His analysis of our electoral system includes statements such as, “Ordinary voters are mostly in safe seats, are easily manipulated and are irrelevant”. In fact, the outer suburban marginals have a greater claim to contain “ordinary voters” than safe seats which tend to include extremes of wealth or poverty. And I doubt the major parties would consider their safe seats “irrelevant”.
I also doubt many plutocrats in their waterfront mansions believe their “wealth and power” protects them from rising sea-levels! Beyond any personal issue, I think the fundamental obstacle presented by capitalism is getting a system geared to short-term individual profit to respond to a long-term global problem.
But the immediate motive behind the CPRS, like the Oceanic Viking saga, is usual one for Rudd: politics over principle.
Marcus Ogden writes: What is Simon Mansfield’s point (yesterday, comments)? Clive Hamilton’s position is that climate change deniers are endangering the lives of hundreds of millions, and that if they are acting in bad faith then from a whole range of ethical perspectives this is a Bad Thing. What Clive’s race, lifestyle, etc. has to do with the validity of this argument escapes me.
Margaret Dingle writes: Re. “When it comes to the boat people issue, Rudd is drowning” (yesterday, item 1). Yes, I admit that the passengers on the Oceanic Viking, if found to be refugees, will benefit from their journey. But what else could the Government do? If their boat had reached Christmas Island or Ashmore Reef the outcome would have been similar.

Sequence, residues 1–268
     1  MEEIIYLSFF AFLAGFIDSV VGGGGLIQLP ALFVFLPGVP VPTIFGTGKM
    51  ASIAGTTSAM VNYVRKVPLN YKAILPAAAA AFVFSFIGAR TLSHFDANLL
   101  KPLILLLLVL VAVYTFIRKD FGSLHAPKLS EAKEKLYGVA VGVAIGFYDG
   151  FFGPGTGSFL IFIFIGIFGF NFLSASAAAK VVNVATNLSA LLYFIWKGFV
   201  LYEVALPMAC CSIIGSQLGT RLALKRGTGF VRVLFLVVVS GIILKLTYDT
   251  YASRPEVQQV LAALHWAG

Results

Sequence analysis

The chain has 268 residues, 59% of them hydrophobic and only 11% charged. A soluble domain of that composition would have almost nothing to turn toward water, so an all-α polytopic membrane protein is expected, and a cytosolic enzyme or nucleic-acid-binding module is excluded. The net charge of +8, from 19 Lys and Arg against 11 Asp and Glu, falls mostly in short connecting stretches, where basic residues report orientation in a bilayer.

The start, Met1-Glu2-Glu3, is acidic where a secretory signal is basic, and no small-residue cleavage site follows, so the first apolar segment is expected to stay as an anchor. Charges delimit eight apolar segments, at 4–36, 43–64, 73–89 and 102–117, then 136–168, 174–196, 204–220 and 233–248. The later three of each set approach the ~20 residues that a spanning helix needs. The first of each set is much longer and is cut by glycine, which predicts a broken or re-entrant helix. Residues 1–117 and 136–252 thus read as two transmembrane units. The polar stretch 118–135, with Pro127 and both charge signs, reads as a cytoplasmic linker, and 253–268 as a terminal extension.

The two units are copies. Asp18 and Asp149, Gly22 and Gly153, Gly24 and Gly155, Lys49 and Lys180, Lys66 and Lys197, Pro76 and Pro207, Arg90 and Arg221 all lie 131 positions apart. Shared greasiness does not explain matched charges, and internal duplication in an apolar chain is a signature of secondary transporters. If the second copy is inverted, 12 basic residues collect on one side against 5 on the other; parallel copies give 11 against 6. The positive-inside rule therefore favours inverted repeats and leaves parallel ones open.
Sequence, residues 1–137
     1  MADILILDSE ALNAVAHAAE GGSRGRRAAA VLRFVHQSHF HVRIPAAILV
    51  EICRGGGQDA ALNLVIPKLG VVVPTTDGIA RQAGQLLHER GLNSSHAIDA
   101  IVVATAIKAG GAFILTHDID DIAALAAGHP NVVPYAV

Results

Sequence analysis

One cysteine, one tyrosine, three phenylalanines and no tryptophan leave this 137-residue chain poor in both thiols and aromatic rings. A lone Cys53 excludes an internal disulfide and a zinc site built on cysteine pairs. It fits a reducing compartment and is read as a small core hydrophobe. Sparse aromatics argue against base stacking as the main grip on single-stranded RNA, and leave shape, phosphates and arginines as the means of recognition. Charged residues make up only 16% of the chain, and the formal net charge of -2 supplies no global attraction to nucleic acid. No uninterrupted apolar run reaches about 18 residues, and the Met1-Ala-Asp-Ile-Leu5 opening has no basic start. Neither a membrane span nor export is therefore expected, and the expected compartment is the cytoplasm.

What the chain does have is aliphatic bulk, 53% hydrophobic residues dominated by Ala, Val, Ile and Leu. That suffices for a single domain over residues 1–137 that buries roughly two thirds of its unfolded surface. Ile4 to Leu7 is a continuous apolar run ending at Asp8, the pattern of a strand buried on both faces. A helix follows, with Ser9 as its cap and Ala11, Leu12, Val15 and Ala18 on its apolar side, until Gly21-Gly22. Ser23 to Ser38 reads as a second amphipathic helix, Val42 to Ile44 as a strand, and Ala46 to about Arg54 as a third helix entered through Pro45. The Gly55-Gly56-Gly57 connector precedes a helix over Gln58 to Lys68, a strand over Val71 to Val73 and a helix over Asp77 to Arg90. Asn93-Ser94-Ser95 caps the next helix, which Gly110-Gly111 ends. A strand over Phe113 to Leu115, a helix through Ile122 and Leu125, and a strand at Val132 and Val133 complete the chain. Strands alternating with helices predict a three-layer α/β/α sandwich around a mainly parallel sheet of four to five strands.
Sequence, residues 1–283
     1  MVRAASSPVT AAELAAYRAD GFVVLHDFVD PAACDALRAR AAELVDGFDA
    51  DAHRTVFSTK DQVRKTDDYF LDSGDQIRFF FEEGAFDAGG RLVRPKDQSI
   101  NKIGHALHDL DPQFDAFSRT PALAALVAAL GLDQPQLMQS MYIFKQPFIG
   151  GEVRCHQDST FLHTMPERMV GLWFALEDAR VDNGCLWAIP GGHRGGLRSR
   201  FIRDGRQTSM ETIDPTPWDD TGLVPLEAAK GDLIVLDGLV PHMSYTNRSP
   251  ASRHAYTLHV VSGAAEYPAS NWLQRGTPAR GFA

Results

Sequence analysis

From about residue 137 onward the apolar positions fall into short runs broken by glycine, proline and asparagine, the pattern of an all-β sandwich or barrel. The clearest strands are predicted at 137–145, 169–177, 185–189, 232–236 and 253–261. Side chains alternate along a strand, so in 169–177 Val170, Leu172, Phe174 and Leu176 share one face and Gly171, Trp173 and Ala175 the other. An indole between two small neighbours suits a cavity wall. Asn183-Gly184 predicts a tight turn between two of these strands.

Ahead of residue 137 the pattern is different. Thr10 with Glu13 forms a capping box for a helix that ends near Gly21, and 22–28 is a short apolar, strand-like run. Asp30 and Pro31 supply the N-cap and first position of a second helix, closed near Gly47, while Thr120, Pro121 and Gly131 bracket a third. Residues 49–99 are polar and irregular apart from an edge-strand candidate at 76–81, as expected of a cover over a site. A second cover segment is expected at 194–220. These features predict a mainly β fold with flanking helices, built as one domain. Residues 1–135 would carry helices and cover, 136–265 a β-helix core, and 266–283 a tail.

A return to TPVs would have more women and children taking the perilous journey to try to reach their husbands and fathers.
The real solution is to speed up processing of the asylum seekers already I Indonesia, for Australia to take more refugees and also to address the push factor. This last was what I presume Kevin Rudd was doing in Sri Lanka. To take charitable view, he was trying to help Sri Lanka improve conditions in the camps and accelerate resettlement in Sri Lanka of internally displaced persons. More cynically, one could assume he was trying to make the Sri Lankan navy turn back the boats. Perhaps both.
Maybe the Prime Minister should explain himself what he was doing.
John Goldbaum writes: Maybe Kevin should change the logo at the Department of Immigration and Citizenship to read: “people smuggling our business”.
James McDonald writes: Re. “Prisoners take drugs and have s-x. Shock” (yesterday, item 14). Greg Barns wrote: “The problems at Dame Phyllis Frost, and all Australian prisons for that matter, will not go away until we adopt a more enlightened and effective approach to prison life.”
But you don’t need to go to New York for ideas on prison reform. Prison reform is already here, in the same Territory where you can stick a flagpole over a zoo and call it Parliament House. Australia’s first prison built for human rights compliance has received underwhelming acclaim from the human rights lobby. Make that … no acclaim at all. Most of the public outside Canberra have never heard of it. But the Alexander Machonochie Centre, opened last year in the ACT to bring Canberra’s prisoners home from NSW, is a bold step forward in offering criminals of all security levels the chance to live like humans.
Prisoner rights advocate Brett Collins of Justice Action condemned the project as a step backwards for justice. “Prisons are a bad institution which cause crime and more damage to the community around them,” Collins said in 2006. “Any government that portrays them as a benefit to public safety or even for the convenience of prisoners is misleading the public.”